BANAGHER, Ireland - An Irish Catholic priest gave a whole new meaning to "white collar boxing" at the weekend after taking to the ring to battle a parishioner in a charity fight.
Father Pierre "Jalapeno" Pepper donned the boxing gloves for the first time as part of his parish's fundraising "Saint Patrick's Weekend Punch-Up", ahead of Ireland's national day on Tuesday for its patron saint.
The pugilistic priest, 37, became a national sensation after an online video taunting his opponent went viral, leading to a television appearance.
In the video, Pepper quotes from the Bible and warns parishioner Jared Madden his opponent of his impending doom while five other priests look-on menacingly.
"The Lord says vengeance is mine... say your prayers, because judging time is close at hand," his opponent is told.
Pepper told AFP: "It's taken a life of its own. From kids I visit in school to older people on sick calls, they're all behind it." Hundreds of locals in the small town of Banagher in County Offaly, on the banks of the River Shannon in central Ireland, packed into a marquee at the back of a pub Saturday night to see a number of locals fight - but the clash of priest versus parishioner was the main event for most.
'Say your prayers'
White collar boxing, where men and women from "white collar" professions take part in fights, has become a popular method of fundraising for charities in Ireland in recent years.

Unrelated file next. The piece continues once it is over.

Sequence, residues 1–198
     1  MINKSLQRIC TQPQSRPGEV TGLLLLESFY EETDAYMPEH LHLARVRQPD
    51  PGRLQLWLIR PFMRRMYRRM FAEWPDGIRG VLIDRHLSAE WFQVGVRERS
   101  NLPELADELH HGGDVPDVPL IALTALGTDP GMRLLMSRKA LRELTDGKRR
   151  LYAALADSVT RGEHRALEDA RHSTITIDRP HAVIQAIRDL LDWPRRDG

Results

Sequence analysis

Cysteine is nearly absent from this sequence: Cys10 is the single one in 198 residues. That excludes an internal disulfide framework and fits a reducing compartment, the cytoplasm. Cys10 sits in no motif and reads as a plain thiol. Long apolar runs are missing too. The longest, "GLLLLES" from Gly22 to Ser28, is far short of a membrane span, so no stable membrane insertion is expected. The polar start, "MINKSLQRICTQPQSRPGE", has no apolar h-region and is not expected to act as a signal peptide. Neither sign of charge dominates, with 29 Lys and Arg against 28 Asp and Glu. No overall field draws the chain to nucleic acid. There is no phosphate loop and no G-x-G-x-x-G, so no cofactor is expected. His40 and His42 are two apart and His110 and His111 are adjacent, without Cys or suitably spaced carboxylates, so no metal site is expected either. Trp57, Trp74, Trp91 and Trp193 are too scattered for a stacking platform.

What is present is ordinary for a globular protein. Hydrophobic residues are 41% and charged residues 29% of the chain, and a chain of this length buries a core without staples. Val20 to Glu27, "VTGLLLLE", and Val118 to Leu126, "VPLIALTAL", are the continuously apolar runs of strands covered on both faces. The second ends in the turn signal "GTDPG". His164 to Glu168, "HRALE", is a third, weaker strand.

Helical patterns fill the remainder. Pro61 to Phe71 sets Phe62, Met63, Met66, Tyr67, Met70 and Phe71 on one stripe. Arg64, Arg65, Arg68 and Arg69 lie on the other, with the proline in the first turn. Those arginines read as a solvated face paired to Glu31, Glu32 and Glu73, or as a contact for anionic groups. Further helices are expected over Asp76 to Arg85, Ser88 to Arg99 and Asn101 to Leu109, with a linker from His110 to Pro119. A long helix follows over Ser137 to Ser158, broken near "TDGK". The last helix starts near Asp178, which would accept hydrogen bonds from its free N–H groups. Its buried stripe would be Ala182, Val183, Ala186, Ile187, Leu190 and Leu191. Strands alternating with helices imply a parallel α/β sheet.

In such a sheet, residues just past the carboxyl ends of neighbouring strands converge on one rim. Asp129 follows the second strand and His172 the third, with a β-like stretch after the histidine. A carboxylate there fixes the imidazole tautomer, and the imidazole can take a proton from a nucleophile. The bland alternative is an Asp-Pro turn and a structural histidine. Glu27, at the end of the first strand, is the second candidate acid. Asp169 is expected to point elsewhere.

The opportunity for Pepper came about after a chance meeting with the organiser in a pub.
"I said fair enough but like many things agreed to in a pub, I didn't know if it was serious," Pepper said.
When asked if he had any boxing experience, he laughed: "Yeah - but not in the ring." The colourful priest, who used to play Gaelic football, trained five times a week in preparation, and last month also took part in another local charity dancing event.
"I was going from dancing to boxing, I didn't know if I was going to hit the girl or dance with the fella I was boxing with," he said, laughing.
While the event was purely to raise money for charity, Pepper said it also gave him an opportunity to meet the local community outside of church.
"When you're not meeting in a church, you get a chance for people to know you and for you to see another side of people," Pepper added.
"The brand that priests have has taken a knock over the last 15 years so it's a good thing to be out among the people in a different setting." Although the judges awarded victory to Pepper after the three two-minute rounds, the parish priest was up to celebrate the 8:00am mass the morning after.
And despite the obvious links, he said God was a neutral during the match.
"That's the problem. God loves everyone the same so he couldn't just be on my side."